Academic journal article The Catholic Historical Review

The Martyrs of Cordoba: Community and Family Conflict in an Age of Mass Conversion

Academic journal article The Catholic Historical Review

The Martyrs of Cordoba: Community and Family Conflict in an Age of Mass Conversion

Article excerpt

The Martyrs of Cordoba: Community and Family Conflict in an Age of Mass Conversion. By Jessica A. Coope. (Lincoln: University of Nebraska Press. 1995. Pp. xx, 113. $25.00.)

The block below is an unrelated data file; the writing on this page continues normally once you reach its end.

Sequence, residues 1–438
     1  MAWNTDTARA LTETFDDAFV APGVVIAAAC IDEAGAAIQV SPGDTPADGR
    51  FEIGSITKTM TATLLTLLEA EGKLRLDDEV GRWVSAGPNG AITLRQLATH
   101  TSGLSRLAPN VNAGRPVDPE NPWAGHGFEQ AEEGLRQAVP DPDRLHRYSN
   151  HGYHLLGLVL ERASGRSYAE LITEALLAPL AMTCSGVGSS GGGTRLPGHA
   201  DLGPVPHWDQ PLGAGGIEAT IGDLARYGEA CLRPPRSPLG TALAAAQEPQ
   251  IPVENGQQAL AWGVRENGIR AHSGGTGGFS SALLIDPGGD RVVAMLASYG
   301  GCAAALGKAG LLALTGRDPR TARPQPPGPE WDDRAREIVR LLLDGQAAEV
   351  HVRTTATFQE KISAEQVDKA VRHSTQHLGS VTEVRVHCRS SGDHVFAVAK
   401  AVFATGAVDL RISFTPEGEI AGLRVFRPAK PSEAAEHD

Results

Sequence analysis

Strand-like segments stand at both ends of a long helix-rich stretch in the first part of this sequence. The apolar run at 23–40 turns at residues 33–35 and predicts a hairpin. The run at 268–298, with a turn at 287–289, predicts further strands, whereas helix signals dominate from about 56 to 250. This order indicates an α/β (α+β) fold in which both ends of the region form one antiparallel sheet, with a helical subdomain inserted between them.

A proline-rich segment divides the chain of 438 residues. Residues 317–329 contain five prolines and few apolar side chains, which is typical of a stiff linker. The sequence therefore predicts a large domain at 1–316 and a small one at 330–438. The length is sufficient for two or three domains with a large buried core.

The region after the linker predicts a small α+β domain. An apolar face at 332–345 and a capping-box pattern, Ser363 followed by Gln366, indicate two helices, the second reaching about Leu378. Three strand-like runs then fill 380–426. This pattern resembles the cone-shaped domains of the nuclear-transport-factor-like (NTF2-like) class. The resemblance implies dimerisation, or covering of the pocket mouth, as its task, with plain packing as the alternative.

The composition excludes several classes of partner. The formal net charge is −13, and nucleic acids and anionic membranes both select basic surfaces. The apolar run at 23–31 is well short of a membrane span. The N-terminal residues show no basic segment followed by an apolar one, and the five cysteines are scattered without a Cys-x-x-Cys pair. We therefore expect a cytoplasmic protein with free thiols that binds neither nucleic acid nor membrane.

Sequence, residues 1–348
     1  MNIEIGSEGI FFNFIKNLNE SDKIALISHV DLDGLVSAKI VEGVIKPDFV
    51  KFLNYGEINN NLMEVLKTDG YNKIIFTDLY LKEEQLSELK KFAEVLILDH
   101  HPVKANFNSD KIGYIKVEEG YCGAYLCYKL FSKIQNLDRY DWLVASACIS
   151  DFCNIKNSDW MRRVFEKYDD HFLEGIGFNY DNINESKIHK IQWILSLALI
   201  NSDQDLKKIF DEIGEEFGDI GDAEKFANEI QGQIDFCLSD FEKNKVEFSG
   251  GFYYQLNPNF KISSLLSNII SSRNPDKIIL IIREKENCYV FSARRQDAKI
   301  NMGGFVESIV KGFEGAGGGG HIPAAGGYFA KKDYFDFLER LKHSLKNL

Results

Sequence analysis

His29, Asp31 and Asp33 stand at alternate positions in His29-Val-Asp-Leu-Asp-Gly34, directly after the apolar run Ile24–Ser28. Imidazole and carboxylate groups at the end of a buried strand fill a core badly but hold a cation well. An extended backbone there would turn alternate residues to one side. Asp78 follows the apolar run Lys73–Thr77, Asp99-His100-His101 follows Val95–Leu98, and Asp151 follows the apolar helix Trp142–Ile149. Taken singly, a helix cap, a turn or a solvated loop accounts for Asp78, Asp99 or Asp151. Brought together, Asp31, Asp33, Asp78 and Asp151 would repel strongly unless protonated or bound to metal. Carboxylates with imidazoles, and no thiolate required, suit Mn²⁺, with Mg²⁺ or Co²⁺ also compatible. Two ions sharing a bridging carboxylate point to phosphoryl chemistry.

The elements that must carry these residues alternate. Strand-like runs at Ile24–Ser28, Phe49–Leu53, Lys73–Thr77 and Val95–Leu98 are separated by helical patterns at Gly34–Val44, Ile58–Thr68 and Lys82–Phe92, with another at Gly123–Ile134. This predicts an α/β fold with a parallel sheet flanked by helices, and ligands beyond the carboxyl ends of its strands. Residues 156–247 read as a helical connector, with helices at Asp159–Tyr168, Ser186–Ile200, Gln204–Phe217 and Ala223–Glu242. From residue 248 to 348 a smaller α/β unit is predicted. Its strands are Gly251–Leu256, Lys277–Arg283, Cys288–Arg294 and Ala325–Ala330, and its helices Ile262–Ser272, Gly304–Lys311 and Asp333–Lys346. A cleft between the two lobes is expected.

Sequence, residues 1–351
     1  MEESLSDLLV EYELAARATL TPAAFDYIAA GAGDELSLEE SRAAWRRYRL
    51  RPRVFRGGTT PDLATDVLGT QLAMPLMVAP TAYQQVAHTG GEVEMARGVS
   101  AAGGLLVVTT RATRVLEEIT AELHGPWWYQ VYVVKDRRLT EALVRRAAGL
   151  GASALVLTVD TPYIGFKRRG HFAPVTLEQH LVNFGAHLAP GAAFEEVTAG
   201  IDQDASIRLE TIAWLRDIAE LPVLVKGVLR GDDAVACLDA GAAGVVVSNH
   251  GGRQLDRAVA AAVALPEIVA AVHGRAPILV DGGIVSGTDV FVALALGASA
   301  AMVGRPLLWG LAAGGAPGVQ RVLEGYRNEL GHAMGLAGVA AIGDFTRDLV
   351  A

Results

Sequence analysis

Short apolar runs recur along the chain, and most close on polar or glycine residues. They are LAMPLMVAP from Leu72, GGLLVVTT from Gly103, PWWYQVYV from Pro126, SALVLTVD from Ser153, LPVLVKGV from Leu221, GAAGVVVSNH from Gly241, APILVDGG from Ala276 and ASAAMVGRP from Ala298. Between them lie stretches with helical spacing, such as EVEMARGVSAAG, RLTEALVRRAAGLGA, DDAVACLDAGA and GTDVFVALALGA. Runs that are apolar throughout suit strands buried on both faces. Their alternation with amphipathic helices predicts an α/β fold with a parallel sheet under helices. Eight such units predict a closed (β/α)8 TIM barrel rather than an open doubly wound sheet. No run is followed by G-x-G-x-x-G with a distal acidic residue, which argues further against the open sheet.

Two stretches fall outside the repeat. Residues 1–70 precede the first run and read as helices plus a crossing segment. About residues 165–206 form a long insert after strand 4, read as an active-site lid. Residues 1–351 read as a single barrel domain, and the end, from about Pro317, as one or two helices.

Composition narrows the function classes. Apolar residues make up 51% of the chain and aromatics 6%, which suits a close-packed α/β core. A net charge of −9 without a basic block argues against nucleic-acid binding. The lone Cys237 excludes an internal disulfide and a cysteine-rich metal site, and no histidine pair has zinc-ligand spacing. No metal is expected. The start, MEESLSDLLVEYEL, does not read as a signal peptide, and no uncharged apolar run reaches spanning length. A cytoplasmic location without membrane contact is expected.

When Visigothic Spain fell to Muslim invaders in 711, the Iberian Christian population found itself absorbed into the Islamic empire as a subject community. Though protected from forced conversion, the Andalusian Christians were expected to maintain a low profile religiously, socially, and politically in the newly and incompletely Islamized al-Andalus. Over the course of the eighth and early ninth centuries, the numbers of Muslims in Spain increased due primarily to immigration but also as a result of increased conversion. During the same period, al-Andalus benefited greatly from its economic and cultural ties with the Muslim "heartland" in the eastern Mediterranean. In the face of the increasing numbers of Muslims and the growing strength and self-consciousness of Muslim culture in Spain, many Christians found themselves happily participating in Andalusian society in ways that seemed, from the perspective of some other Christians, to be compromising their cultural-religious identity as LatinChristians. The most famous historical result of these circumstances was the socalled "Cordoban Martyrs' Movement" of the 850's, when forty-eight Christians from in and around the capital city of Cordoba were executed either for denouncing Islam in public or-in the case of products of mixed marriages-for refusing to renounce their Christianity and embrace Islam.Virtually everything that we know about the victims of these executions comes from the apologetic treatises and passiones that were written on behalf of the martyrs by Eulogius and Paul Alvarus, who lived in Cordoba at the time. …

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